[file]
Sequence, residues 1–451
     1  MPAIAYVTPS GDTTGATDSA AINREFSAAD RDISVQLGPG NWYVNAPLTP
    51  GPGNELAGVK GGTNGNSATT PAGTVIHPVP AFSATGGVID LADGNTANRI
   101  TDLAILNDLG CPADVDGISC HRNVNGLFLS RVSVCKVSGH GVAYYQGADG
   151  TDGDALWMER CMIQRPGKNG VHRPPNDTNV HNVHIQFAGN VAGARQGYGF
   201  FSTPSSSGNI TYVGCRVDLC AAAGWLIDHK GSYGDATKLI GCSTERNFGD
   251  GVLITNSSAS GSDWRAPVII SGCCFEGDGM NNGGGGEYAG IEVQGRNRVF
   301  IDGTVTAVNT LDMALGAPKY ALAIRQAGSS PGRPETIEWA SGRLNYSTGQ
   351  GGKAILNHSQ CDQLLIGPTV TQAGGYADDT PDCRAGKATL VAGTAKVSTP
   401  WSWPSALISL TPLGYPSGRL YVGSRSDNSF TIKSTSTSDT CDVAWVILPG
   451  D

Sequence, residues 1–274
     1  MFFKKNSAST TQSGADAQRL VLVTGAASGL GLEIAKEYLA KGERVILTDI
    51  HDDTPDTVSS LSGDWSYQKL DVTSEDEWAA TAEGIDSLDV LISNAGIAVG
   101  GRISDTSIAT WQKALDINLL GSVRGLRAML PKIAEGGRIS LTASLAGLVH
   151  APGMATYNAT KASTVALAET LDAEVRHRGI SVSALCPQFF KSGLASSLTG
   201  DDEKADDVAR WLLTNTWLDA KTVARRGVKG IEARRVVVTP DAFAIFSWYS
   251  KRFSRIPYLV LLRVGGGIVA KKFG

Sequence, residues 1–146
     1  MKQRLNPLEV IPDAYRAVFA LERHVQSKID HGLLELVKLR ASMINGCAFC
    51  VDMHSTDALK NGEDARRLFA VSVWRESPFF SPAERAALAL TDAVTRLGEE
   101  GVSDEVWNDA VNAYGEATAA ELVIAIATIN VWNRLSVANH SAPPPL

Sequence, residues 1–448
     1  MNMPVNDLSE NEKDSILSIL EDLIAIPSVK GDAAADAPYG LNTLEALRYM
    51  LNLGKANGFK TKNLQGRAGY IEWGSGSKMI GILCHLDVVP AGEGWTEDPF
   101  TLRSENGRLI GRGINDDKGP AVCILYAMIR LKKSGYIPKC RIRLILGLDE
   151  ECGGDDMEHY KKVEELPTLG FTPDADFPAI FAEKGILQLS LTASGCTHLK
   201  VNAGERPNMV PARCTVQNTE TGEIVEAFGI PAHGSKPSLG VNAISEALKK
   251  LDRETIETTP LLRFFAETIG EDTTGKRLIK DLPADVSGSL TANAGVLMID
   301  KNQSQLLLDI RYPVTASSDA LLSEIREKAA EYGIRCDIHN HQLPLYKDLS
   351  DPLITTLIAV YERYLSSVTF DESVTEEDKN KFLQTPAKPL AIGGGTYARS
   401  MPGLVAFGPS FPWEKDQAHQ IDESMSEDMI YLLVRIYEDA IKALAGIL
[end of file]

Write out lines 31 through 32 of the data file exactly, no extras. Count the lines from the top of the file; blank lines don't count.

   351  DPLITTLIAV YERYLSSVTF DESVTEEDKN KFLQTPAKPL AIGGGTYARS
   401  MPGLVAFGPS FPWEKDQAHQ IDESMSEDMI YLLVRIYEDA IKALAGIL